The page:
Lockdown saved lives of 8K to 32K people: Report
Analysis based on INDSCI-SIM, the first India-specific epidemiological model developed by the Indian Scientists’ Response to Covid-19 (ISRC), estimates that approximately 8,000 to 32,000 Indians averted death between April 3 and May 15 because of a combination of factors that include lockdown restrictions, increased testing, quarantine and physical distancing.
ISRC is a group of more than 500 Indian scientists, engineers, doctors, technologists and public health researchers. It aims to provide accurate, science-based resources pertaining to the pandemic while also dispelling misinformation.
A Niti Aayog report dated May 22 estimated that between 37,000 to 2.10 lakh Indians had evaded being infected by Covid-19. ISRC’s analysis arrived at a lower figure — between 8,000 to 32,000 — for this group. “Our mathematical model shows fewer Indians have been saved as compared to claims made in other reports, which is tough to crosscheck since we, unfortunately, have no idea of the technique used to arrive at those numbers. Ours is a more conservative estimate, and our method is documented,” said professor Bhalchandra Pujari of Savitribai Phule Pune University, who was part of the team that developed the INDSCI-SIM model.
Scientists also said a large number of individuals infected with the Sars-Cov-2 virus, which causes Covid-19, have escaped detection. Dividing the population into six age groups with different infection and fatality rates, the model shows that those above 60 years of age form the major chunk of hospitalisations for and death from Covid-19. However, most Covid-positive cases are among people between 0 and 40 years of age, who are less likely to die of the infection.
“In order to match the death timeline, our model indicates much higher infections than reported. This is however understandable, given most people are either asymptomatic or suffer from mild infections along with cases of death, all of which can go undetected,” said Pujari.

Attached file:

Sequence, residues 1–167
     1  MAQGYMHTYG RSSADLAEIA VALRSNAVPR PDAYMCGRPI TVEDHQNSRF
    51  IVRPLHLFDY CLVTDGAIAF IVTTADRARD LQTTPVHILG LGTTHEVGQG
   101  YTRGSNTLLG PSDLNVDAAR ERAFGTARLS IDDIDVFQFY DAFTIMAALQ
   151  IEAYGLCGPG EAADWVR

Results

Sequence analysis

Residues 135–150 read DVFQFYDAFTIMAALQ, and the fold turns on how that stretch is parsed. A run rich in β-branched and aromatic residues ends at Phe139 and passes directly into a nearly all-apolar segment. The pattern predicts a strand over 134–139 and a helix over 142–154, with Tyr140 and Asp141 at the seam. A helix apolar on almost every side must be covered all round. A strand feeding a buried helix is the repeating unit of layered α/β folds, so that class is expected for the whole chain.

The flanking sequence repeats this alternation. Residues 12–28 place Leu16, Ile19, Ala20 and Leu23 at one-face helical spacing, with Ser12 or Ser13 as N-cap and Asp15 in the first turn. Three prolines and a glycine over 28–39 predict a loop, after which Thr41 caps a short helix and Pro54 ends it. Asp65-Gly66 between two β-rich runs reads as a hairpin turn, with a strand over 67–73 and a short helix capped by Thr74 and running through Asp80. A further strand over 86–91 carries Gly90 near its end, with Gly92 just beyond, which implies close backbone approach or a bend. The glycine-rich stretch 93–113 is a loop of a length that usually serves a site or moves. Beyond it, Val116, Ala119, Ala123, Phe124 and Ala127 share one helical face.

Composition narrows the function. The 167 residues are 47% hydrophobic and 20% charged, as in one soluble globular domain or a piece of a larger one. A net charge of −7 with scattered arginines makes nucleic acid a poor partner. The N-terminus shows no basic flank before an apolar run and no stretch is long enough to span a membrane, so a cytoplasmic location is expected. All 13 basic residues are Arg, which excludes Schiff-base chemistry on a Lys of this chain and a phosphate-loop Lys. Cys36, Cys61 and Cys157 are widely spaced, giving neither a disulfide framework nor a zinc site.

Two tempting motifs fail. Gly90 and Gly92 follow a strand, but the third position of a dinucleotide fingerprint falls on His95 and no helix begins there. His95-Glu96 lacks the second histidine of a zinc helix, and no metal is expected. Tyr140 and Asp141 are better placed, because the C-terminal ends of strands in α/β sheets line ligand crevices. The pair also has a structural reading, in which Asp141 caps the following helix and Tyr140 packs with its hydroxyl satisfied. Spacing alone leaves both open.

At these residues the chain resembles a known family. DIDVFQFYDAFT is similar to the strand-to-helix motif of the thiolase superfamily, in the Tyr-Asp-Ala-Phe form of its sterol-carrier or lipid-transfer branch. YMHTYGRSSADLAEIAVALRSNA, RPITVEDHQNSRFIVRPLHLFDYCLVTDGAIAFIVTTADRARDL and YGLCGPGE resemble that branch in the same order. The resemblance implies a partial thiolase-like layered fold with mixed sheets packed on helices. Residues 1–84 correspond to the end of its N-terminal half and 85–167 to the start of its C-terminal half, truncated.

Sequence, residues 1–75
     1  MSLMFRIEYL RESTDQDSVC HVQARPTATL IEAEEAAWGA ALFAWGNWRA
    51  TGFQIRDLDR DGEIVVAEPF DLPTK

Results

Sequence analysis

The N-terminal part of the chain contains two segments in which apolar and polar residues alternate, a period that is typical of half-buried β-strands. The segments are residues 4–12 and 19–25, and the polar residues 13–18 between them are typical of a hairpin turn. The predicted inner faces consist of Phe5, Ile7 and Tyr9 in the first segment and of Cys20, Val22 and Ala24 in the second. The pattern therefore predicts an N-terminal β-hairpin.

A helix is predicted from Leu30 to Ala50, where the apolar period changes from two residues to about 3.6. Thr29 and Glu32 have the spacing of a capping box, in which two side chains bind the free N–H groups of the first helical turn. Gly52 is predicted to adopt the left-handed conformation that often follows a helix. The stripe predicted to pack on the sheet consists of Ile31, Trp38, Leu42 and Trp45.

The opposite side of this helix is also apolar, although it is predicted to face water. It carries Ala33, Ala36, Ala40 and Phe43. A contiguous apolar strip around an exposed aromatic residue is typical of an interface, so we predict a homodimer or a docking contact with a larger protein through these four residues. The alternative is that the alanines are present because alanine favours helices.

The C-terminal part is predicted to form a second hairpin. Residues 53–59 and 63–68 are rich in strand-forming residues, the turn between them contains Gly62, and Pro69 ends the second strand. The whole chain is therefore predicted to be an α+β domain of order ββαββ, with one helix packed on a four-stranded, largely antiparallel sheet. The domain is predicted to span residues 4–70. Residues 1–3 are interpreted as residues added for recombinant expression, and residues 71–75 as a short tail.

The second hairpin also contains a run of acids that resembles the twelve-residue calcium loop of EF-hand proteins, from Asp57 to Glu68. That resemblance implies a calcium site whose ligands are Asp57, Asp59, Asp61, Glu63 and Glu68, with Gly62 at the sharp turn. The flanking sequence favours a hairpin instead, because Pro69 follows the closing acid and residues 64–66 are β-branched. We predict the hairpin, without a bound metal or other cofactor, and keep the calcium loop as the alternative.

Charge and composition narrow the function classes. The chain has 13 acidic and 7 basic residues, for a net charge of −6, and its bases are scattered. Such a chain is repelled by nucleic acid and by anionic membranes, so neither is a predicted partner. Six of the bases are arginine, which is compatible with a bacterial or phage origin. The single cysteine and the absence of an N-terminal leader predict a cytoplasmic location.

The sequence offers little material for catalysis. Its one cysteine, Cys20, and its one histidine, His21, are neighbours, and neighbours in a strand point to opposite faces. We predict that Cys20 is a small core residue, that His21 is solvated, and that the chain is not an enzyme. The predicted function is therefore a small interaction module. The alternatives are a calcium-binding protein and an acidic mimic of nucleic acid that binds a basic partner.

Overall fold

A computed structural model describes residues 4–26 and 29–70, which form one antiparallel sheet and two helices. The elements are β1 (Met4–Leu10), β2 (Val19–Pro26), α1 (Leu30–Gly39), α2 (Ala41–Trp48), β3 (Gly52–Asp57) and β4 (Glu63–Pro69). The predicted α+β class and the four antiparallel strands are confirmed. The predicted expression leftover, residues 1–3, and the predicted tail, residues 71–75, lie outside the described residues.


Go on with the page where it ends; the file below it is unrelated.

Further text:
Epidemiologist Dr Giridhar Babu, who is not involved with ISRC, said globally, new evidence suggests only clusters are important in the long run since on an average, 10% of a population have caused 80% of infections. “We need to prevent clusters from being formed. Gathering of more than two people should be banned as well as weddings, marathons, work space arrangements, or any large gatherings for the next three to four months. That will either lead to postponing or even flattening the curve. If we enforce cluster prevention strictly along with using masks and maintaining physical distance, we can continue with whatever gains we made,” said Babu.
The ISRC team said a spike in the number of new Covid-positive cases is expected around August if current lockdown strategies are maintained, which would help keep the infection rate, or R0 (referring to the number of people infected by one Covid-positive individual), low. However, if there is a return to pre-lockdown conditions, a sharp spike is expected around mid-July.
However, individual states and cities should work out their respective estimation to better plan measures to contain the epidemic.
“The point of postponing the peak was to prepare the health infrastructure, which has been done. So health systems will be able cater to what is likely to be expected unless it goes beyond it,” said Babu. “States will peak at different times. Preventing clusters is the key, and how it will be done will define a state’s success.”